In January 1931, the Quaid called for his daughter and sister Fatima in London and took up residence there. He was disappointed by the attitude of the British and the Hindus at the Round Table Conferences. He wrote in a letter to his friend Abdul Matin Choudary:
‘I have come to the conclusion that I can be more useful here at any rate for the present. The centre of gravity is here and for the next two or three years London will be the most important scene of the Indian drama of constitutional reforms.’
The Quaid addressing the students of the Muslim University Union said:
“I received the shock of my life at the Round Table conference…. I began to feel that neither could I help India, nor change the Hindu mentality, nor make the Mussalmans realize their precarious position. I felt so disappointed and so depressed that I decided to settle down in London. Not that I did not love India; but I felt utterly helpless. I kept in touch with India. At the end of four years I found that the Mussalmans were in the greatest danger. I made up my mind to come back to India, as I could not do any good from London.”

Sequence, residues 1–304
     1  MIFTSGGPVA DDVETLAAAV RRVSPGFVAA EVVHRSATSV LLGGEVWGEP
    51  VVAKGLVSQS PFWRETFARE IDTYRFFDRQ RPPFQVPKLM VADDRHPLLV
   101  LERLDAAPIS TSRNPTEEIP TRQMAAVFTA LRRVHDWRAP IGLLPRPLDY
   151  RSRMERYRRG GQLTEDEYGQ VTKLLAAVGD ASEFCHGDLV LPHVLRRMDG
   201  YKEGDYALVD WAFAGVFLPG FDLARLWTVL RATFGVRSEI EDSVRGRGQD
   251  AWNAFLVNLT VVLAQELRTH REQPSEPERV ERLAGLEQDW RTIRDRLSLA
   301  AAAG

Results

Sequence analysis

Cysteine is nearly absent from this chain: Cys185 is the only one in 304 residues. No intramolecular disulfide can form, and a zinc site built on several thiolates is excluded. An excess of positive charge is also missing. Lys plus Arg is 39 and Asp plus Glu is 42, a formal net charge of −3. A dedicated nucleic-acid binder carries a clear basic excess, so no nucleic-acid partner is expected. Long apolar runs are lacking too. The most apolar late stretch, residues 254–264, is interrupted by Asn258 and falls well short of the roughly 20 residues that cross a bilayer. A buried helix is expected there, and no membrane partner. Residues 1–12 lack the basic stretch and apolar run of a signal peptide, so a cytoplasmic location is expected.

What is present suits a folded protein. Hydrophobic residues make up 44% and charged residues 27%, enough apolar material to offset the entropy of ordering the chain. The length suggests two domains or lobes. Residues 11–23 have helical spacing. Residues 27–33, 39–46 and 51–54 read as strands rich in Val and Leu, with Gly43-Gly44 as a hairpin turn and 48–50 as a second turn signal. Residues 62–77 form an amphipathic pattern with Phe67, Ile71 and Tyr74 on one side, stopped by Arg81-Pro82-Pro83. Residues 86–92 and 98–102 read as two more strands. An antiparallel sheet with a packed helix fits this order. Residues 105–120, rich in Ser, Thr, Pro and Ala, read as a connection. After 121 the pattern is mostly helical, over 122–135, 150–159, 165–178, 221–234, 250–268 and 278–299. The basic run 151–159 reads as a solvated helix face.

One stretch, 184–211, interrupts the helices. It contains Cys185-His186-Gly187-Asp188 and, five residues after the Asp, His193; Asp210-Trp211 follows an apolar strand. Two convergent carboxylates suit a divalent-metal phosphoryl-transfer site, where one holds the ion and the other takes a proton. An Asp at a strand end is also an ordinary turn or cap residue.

When the Indians delegates at the Round Table conference had been unable to agree upon any suitable reforms especially concerning the communal issue, the job was left to the British once again. The British Prime Minister announced the Communal Award on the 16th of April 1932, in which he introduced reforms on the lines of Lucknow Pact, which was the only juncture in history when the Muslims and Hindus had agreed uopn any issue. With the introduction of the Award however, the Muslims lost their majority in important provinces like Bengal and Punjab which was a set back for them. The understanding that had been reached between Gandhi and Irwin had been nullified as Nehru was arrested before Gandhi got back from London after the Round Table Conference. Gandhi officially resigned from the Congress in October 1934 but still was a supporter of the Congress.